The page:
Whether you screamed with delight at her unfiltered caustic commentary or found her a grating loudmouth, Joan Rivers was a unique figure who paved the way for other female comedians. “The Queen of Mean,” who died at age 81 on Sept. 4 in New York following complications from an outpatient procedure, always saved her harshest barbs for herself — her supposed lack of sex appeal, her obsession with plastic surgery, the endless indignities of aging.
Rivers grew up in Brooklyn and Larchmont, N.Y., and graduated from Barnard College in 1954. She got her break as a comic with Johnny Carson on The Tonight Show in 1965. When she attempted her own late-night TV show in 1986, however, Carson never forgave her nor allowed her on the show again. Worse followed: In 1987, Rivers’ husband, Edgar, killed himself in a Philadelphia hotel.
Rivers reinvented herself brilliantly. She launched a line of jewelry on TV, penned bestselling humor books, continued to perform for live audiences and established herself on the red carpet and TV shows like Fashion Police. And thanks to an award-winning 2010 documentary, Joan Rivers: A Piece of Work, many reevaluated Rivers and her contribution to comedy. Piece of Work revealed a highly intelligent, self-aware woman with an unparalleled work ethic, a ferocious drive to perform, and a love for beautiful surroundings.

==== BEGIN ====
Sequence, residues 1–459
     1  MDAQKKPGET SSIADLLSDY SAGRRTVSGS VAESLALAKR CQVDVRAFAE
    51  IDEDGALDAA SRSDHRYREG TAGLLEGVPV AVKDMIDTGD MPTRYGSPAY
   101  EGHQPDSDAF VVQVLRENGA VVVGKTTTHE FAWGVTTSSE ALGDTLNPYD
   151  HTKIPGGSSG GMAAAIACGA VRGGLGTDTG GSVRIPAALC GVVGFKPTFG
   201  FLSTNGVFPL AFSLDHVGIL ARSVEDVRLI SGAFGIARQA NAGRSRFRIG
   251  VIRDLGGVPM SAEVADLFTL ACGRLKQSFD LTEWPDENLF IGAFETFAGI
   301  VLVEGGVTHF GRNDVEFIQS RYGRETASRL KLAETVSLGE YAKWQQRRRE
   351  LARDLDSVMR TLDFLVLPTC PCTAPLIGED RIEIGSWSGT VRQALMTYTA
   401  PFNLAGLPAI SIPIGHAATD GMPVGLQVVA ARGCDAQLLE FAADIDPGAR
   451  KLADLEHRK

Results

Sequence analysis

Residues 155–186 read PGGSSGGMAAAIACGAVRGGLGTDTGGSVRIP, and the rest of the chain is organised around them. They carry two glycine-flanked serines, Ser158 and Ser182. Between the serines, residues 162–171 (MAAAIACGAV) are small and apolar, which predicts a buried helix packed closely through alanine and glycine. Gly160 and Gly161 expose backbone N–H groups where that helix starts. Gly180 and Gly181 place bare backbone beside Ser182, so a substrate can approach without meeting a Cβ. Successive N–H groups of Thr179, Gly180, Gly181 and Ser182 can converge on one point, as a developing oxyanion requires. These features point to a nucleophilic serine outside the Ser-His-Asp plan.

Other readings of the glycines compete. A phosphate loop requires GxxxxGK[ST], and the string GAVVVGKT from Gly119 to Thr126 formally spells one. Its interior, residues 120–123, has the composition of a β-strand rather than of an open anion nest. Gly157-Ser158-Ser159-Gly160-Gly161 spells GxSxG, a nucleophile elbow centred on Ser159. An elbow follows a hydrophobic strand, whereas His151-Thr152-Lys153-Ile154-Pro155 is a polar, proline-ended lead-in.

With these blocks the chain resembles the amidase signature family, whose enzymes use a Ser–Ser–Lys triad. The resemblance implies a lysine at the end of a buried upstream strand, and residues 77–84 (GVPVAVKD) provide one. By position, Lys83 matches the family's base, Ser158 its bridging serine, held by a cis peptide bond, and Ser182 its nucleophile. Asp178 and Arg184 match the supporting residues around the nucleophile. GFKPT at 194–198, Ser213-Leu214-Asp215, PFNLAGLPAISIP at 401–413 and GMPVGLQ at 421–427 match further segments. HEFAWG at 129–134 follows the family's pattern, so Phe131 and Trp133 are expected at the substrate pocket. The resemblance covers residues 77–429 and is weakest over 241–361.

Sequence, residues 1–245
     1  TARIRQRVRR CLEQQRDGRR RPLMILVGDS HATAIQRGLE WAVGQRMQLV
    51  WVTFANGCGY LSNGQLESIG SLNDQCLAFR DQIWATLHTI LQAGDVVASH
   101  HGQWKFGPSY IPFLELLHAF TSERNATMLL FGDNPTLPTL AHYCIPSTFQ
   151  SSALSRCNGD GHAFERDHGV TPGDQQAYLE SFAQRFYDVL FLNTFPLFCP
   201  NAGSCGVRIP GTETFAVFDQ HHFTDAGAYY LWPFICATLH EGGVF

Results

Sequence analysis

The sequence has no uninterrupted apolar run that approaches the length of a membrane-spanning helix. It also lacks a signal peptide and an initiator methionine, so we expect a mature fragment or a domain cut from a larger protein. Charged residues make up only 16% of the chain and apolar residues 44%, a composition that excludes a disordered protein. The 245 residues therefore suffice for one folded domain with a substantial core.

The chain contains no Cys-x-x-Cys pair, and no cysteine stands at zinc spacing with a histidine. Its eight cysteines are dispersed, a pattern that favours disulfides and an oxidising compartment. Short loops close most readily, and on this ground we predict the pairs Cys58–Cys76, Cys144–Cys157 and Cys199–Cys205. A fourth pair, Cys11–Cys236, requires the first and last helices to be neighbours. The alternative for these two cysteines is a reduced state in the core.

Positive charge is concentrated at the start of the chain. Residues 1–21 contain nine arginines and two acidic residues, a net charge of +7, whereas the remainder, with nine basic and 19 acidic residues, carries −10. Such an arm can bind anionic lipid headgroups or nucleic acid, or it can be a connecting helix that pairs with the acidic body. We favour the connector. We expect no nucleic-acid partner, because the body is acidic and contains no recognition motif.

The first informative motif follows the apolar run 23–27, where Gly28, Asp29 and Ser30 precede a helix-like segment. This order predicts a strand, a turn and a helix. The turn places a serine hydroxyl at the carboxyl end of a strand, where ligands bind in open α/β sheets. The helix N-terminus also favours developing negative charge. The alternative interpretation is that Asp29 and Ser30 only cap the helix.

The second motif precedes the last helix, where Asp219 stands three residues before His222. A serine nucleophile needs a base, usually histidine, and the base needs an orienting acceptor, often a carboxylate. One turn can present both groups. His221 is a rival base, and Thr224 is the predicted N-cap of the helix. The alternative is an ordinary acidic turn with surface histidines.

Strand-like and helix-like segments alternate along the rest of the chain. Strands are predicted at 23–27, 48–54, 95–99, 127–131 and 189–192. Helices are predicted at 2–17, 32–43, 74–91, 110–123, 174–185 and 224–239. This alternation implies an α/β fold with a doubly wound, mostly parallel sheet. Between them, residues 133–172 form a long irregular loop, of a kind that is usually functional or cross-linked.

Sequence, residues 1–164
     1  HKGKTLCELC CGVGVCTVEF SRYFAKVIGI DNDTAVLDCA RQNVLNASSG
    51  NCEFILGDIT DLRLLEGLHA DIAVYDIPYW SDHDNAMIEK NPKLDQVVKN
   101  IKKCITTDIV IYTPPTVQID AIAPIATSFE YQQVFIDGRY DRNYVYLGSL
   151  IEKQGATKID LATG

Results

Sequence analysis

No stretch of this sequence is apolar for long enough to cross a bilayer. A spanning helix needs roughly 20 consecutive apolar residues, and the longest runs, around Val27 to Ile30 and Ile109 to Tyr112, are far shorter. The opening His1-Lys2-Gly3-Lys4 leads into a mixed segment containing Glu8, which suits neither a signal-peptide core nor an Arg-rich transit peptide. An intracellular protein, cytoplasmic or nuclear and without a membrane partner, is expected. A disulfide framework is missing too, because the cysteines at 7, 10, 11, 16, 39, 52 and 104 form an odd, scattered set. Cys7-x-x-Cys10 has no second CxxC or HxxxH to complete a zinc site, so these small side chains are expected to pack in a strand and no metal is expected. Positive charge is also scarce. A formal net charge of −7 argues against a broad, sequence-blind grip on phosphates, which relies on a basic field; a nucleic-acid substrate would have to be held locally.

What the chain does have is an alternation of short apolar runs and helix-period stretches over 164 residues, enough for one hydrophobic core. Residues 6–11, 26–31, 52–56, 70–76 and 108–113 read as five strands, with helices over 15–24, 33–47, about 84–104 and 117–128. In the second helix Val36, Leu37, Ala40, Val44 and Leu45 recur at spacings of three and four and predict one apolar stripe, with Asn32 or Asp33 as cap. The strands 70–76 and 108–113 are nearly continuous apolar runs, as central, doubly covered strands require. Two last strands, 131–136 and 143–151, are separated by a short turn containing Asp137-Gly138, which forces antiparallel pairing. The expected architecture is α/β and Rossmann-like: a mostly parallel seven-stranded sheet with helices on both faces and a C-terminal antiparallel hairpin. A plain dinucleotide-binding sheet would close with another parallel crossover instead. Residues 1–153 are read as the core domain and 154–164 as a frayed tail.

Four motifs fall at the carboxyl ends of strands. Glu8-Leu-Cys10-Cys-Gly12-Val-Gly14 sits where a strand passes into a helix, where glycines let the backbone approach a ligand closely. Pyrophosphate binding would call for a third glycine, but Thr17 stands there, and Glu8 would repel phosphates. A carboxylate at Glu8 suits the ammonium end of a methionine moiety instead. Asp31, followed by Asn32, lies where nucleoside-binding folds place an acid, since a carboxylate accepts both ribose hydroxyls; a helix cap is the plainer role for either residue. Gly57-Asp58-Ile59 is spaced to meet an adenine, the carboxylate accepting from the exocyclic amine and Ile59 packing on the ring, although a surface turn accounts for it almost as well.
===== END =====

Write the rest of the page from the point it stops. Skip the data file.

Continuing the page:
In an interview this June to promote her most recent book, Diary of a Mad Diva, Rivers was a raspy-voiced charmer on the phone. She chatted about her grandson Cooper and cooed to her dog. An avid reader, she was a big fan of Edith Wharton. As usual, she didn’t hold back on celebrities. On Girls creator and star Lena Dunham: “I expect beauty in my celebrities, not a chubby, unbeautiful body.” On the Kardashian sisters: “At least the Gabor sisters tried to be actresses — not like the Kardashians!”
And she reminisced about her days as a struggling actress cast in a play with another unknown, Barbra Streisand. Asked about her jokes about Anne Frank in her new book, Rivers insisted, “I make people remember through humor.” She also noted that she had a tattoo of 6M on her left forearm to commemorate the six million Jews killed during the Holocaust.
Before heading off to a dinner engagement, she said, “I’ve had a 50-year career. I am what I am. I love my work — it’s writing and laughing. The whole thing about comedy is just to make people feel better.”
And for her many fans, she did just that.
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Photo: Alberto E. Rodriguez/Getty Images
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